As EAM Jaishankar pads up for a second term with a new team, foreign policy challenges remain the same

BJP MP S Jaishankar takes charge as the External Affairs Minister, in New Delhi, on June 11, 2024.
| Photo Credit: PTI

External Affairs Minister for a second term, S. Jaishankar hit the floor running on June 10, sending out a message of continuity and “business as usual” for Indian foreign policy in the new government. While he assumed charge as for his second consecutive term on June 11, hours before his portfolio was even formally announced, he called on all seven neighbourhood leaders who had been invited to witness PM Narendra Modi’s swearing-in ceremony. By including Maldives President Mohammad Muizzu, whose government had been at loggerheads with New Delhi until India accepted his demand to withdraw Indian troops from the southern atolls, Mr. Modi has attempted to get ahead of the first of many foreign policy challenges he will face in the neighbourhood, during his third term. 

 Union Cabinet Minister S. Jaishankar with President of Maldives Mohamed Muizzu during a meeting, in New Delhi, on June 10, 2024.

Union Cabinet Minister S. Jaishankar with President of Maldives Mohamed Muizzu during a meeting, in New Delhi, on June 10, 2024.
| Photo Credit:

While Mr. Jaishankar has served in South Block for much of the past decade, he will have a new team. None of the Ministry of External Affairs’ (MEA) three previous MoS’s have been retained as Ministers, and the new MoSs are UP MP Kirti Vardhan Singh and Assam MP Pabitra Margherita. In addition, Foreign Secretary Vinay Kwatra’s extension ends in October, with Deputy NSA Vikram Misri widely believed to be the next in line.

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Former Foreign Secretary and Chairperson of the National Security Advisory Board Shyam Saran said that he did not anticipate “any significant departures in policy” with Mr. Jaishankar remaining at the helm of External Affairs.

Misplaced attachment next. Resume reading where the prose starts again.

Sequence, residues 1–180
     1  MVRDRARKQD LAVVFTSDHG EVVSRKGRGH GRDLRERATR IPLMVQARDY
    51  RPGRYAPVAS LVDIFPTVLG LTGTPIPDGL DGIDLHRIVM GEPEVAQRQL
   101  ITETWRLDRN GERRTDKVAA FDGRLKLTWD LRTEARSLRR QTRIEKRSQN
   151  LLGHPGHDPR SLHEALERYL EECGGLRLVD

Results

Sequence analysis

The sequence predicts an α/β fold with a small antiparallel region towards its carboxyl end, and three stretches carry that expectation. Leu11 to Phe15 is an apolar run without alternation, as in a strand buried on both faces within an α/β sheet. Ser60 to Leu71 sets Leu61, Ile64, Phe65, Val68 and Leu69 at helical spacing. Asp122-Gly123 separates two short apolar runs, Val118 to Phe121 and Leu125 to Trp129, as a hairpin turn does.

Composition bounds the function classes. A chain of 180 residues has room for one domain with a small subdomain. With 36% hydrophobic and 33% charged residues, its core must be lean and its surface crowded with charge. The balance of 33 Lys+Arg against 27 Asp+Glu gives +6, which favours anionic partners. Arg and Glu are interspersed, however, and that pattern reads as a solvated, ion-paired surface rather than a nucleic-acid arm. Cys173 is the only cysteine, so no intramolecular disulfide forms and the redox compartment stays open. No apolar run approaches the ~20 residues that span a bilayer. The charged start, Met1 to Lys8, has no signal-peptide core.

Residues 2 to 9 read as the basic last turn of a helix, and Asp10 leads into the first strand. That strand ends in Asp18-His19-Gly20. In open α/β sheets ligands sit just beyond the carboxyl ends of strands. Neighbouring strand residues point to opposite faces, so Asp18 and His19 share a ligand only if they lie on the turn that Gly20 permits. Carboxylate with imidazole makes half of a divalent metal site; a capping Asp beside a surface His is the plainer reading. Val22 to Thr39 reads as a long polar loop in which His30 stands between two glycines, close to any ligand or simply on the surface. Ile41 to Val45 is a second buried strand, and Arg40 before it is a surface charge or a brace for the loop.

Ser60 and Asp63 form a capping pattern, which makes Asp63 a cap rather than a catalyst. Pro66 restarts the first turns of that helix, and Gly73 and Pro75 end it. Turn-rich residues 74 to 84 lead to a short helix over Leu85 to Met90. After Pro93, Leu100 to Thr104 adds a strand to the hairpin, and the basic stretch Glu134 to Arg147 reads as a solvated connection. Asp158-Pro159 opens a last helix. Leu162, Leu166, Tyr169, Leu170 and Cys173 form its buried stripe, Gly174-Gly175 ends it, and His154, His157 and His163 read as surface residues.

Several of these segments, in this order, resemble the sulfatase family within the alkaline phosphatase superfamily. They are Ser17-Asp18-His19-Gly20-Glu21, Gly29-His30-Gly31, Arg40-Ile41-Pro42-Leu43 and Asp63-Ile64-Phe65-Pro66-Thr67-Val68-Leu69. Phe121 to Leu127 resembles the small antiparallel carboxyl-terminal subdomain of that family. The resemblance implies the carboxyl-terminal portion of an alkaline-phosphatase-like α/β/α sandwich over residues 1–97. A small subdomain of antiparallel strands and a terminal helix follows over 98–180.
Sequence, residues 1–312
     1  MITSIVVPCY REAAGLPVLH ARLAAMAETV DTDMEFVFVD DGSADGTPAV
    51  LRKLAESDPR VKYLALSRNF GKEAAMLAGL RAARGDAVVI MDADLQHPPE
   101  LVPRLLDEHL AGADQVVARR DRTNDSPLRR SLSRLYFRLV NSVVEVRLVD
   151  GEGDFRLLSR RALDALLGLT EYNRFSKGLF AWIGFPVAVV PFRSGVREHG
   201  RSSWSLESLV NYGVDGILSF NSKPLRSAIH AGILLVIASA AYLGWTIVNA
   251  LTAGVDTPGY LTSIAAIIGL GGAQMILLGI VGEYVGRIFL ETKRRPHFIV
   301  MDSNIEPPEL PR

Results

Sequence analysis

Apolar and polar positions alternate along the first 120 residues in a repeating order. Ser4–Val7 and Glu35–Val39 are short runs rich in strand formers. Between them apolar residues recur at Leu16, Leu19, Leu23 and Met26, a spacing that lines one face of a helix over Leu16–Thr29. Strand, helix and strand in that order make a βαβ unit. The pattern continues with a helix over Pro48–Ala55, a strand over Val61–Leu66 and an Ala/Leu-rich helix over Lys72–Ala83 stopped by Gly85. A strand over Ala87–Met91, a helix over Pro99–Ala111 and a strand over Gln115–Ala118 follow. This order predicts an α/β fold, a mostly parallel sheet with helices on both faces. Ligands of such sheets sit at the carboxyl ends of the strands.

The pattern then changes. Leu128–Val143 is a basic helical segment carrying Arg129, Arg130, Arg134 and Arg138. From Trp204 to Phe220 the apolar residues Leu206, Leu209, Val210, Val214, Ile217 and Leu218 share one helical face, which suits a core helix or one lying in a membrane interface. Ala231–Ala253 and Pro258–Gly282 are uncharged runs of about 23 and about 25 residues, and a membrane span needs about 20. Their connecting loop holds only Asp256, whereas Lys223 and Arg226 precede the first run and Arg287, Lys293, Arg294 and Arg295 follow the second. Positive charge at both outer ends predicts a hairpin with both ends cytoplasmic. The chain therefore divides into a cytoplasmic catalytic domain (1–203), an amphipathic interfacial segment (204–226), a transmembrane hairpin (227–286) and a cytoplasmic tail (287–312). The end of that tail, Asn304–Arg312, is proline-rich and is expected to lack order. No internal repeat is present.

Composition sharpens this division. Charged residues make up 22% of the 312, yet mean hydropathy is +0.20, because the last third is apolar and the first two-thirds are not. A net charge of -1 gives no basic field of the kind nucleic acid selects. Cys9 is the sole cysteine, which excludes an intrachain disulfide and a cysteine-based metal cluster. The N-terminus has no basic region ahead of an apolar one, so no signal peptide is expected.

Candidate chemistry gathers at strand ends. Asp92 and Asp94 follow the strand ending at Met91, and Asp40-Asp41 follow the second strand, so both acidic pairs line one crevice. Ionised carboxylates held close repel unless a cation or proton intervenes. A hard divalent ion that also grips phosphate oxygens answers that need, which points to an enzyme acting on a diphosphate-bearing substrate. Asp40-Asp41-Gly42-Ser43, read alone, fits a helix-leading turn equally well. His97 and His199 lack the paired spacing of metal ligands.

“What I would hope to see is re-engagement with Pakistan and an effort to seek a new equilibrium with China. The neighbourhood has suffered relative neglect with the pursuit a high global profile. I would hope there is a re-focus on the neighbourhood which remains the most critical factor for Indian interests,” he told The Hindu when asked about the foreign policy agenda ahead. While the re-engagement with Pakistan seems difficult at present, “lower-hanging fruit” such as restoring High Commissioners, and restarting some of the cross-border trade for agricultural goods may be possible, especially if PM Modi decides to meet with Pakistan PM Shehbaz Sharif next month on the side-lines of the SCO summit in Astana, Kazakhstan.

All eyes will be on whether PM Modi and Chinese President Xi Jinping meet there in an effort to resolve the four-year old ongoing military standoff at the LAC. In an interview to Newsweek magazine in April, PM Modi called India-China ties “important and significant”, and said the standoff must be “urgently addresses” through talks, refraining from any criticism of China’s actions. 

The next big item on the agenda for the government will be keeping the balance between the U.S. and Russia, the global north and the global south. In his second term, PM Modi had won accolades for navigating India to a “sweet spot” over issues like the Russia-Ukraine war, where both sides have been keen to court India’s favour. In the next few weeks, more of the balancing will be on display as PM leaves for Italy on June 13-14 to attend the G-7 outreach with western countries and is due in Astana on July 3-4, where Russian President Putin is expected to be present, and later in October to Russia for the BRICS summit.

While Mr. Modi is not expected to attend the Swiss Peace Conference on Ukraine this weekend, India’s decision to participate at an official level indicates that it is keeping the door open for an evolving role in resolving the conflict. A balancing posture will also give New Delhi space to wait out the next few months until U.S. elections — as the possibility of a Trump presidency and change in Washington would “upend what is still left of the international order”, Mr. Saran said.

As in his previous terms, Mr. Modi will seek to establish India’s imprint on global affairs — if his first term saw a number of “soft power” initiatives including International Yoga Day, and mega-shows involving the diaspora worldwide, the second term culminated in the G-20 summit and the showcasing of India’s diplomatic and organisational prowess. The next term might see an early indicator of the government’s plans this September, as PM Modi is expected to attend the UN General Assembly, possibly joining other G-4 members (Germany, Japan and Brazil) for a major pitch to fast-track UN reform aimed at the expansion of the permanent seats at the Security Council, which has been elusive so far, and also setting the course for India’s next run for a non-permanent UNSC seat in 2028-2029. PM Modi has also made a pitch to host the COP Climate Change Summit in 2028.

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